Tibet resettling nomads from harsh, high plateau areas

BEIJING(China Daily/ANN) – Relocating people from high-altitude environments can improve public services, create broader job opportunities and foster better living conditions.

Siyo Tsenga was pleased to see that his new home was near a medical clinic, after being relocated to a new settlement in Tibet’s Doilungdechen district in Lhasa.

Siyo Tsenga is a Tibetan nomad from the region’s Nyima county, where the average altitude is nearly 5,000 metres above sea level, making living there a challenge.

Thanks to the region’s ecological relocation policy, which started in 2016, his family was one of 262 households from his hometown to move to Doilungdechen, about 1,200 kilometres from Nyima.

“The altitude at my old home is too high to live. It’s always winter there. I am very happy to have a second home near Lhasa where the altitude is relatively low. I want to say thanks to the government,” he said.

The 52-year-old said he could not walk well because of severe arthritis in his legs, and he hoped the condition would improve in a more comfortable environment.

With more than 1,000 sheep, 70 yaks and more than 100 goats, Siyo Tsenga’s family is not poor. The family earns more than 30,000 yuan ($4,700) a year from selling meat, butter and cashmere from the goats.

Although he moved to the new settlement, he didn’t worry about his animals because he was able to hire a shepherd to tend them.

Compared with his traditional mud house in the grassland, the well-decorated new concrete house is both snug and pretty, he added.

The regional government of Tibet plans to complete the relocation of 6,910 households-27,880 residents-by 2020. The project began in 2016.

A total of 708 households were relocated last year, and 2,293 households are scheduled for this year, according to Tibet’s forestry department.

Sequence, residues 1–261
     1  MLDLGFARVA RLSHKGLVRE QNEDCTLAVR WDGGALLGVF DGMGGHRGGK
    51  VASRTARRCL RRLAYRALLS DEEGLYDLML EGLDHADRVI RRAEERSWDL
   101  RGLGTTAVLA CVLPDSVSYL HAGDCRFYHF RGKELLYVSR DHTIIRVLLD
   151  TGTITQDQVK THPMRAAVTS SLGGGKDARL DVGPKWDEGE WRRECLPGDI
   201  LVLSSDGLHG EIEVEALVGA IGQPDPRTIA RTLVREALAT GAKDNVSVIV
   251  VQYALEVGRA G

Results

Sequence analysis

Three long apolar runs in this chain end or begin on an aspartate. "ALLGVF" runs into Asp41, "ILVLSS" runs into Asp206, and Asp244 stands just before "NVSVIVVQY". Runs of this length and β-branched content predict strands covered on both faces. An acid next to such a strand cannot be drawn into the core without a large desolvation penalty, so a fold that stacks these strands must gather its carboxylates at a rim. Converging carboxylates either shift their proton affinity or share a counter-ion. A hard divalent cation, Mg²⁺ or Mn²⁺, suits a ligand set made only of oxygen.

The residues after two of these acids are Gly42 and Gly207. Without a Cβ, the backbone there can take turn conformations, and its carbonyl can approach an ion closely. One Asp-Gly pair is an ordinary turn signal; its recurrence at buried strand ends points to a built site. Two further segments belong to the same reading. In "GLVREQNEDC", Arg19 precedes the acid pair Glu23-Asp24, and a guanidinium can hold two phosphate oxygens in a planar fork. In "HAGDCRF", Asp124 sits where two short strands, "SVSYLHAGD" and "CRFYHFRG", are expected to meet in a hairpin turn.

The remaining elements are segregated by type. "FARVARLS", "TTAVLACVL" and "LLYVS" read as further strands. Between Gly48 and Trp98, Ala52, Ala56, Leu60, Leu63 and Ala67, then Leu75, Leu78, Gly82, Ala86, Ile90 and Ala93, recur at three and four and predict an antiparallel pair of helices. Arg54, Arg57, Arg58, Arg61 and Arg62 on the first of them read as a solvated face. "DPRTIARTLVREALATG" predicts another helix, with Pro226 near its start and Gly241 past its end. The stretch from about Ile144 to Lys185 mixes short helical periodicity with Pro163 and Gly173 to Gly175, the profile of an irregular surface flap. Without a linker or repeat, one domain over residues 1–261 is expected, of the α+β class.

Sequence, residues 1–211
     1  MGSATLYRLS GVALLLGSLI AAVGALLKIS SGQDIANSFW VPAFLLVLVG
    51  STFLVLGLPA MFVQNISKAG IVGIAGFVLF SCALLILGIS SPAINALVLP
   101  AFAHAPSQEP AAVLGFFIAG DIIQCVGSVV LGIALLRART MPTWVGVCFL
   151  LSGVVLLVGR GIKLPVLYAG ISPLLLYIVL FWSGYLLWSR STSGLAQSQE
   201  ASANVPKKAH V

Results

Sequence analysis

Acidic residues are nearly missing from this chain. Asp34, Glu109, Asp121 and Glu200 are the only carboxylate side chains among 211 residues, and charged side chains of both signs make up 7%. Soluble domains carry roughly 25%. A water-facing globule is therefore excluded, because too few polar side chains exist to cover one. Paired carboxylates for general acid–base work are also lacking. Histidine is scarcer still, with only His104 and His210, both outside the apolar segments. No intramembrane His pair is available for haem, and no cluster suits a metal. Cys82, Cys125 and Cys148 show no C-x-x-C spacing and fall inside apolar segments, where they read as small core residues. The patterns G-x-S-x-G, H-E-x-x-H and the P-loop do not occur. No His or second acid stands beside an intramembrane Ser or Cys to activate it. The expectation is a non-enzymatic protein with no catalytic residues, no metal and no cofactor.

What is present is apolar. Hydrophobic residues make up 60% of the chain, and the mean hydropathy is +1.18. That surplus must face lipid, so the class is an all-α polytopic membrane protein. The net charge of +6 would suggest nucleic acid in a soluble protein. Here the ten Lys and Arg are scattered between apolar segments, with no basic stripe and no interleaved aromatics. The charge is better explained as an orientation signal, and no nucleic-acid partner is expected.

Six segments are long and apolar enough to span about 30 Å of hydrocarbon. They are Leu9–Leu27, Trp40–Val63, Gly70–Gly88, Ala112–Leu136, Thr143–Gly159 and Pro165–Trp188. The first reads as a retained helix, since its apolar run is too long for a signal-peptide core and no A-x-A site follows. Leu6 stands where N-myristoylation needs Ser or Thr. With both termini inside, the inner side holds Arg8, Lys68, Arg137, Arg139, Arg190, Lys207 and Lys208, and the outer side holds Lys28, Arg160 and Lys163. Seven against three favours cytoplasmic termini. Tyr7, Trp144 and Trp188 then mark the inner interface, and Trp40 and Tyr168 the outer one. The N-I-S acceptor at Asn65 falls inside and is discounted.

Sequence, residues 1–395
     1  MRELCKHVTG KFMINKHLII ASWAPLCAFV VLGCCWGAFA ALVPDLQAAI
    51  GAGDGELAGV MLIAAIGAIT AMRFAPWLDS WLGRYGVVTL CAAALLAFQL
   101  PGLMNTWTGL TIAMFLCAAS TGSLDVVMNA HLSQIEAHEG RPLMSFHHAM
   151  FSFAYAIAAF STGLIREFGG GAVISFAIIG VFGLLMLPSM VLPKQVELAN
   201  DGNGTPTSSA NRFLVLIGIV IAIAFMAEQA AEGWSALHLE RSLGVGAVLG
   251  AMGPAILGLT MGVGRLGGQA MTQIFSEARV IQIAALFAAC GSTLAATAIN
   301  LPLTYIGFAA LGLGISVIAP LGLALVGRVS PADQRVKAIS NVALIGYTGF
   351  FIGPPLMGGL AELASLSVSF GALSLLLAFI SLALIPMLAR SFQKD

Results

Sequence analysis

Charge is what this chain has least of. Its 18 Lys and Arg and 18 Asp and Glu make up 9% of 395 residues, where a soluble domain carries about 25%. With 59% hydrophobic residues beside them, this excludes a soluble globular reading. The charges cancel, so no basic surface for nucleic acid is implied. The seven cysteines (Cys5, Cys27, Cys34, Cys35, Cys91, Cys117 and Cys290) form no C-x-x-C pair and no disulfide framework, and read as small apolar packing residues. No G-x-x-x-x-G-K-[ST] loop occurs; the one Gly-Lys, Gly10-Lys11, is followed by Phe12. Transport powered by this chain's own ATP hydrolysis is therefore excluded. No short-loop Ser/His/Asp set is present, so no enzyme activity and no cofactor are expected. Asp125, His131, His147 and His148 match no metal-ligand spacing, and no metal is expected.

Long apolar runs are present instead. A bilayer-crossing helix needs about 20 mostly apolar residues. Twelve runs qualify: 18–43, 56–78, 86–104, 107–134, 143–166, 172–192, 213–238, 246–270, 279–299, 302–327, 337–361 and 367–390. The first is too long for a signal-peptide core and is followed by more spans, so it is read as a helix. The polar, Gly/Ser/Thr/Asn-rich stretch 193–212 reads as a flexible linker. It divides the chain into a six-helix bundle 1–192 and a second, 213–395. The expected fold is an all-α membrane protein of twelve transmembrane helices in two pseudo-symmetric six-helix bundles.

The 281 people who moved on Monday are the first from two villages in Nyima county this year, according to Tsering Rigzin, deputy director of Nagchu Animal Husbandry Bureau.

“These two villages needed to be relocated, because both are at a very high altitude, where the environment is harsh and people’s life spans are shorter,” he said. “Relocating people from high-altitude environments can improve public services, create broader job opportunities and foster better living conditions. Plus, it reduces human activities that harm fragile natural areas.”

He said many people suffer from diseases on the plateau, such as high blood pressure and arthritis.

According to Tsering Rigzin, the evacuated nomads will not stop their herding after evacuation, as the younger and more able-bodied are encouraged to maintain the tradition.

“The first group of evacuees are mostly elderly and children from Nyima county. Stronger residents still have to look after their livestock on the grassland,” he said.

Those who do not want to continue the traditional lifestyle can find work near the new settlement, including jobs as janitors and drivers. The local government also offered 33 hectares of land for newcomers to plant vegetables or raise livestock.

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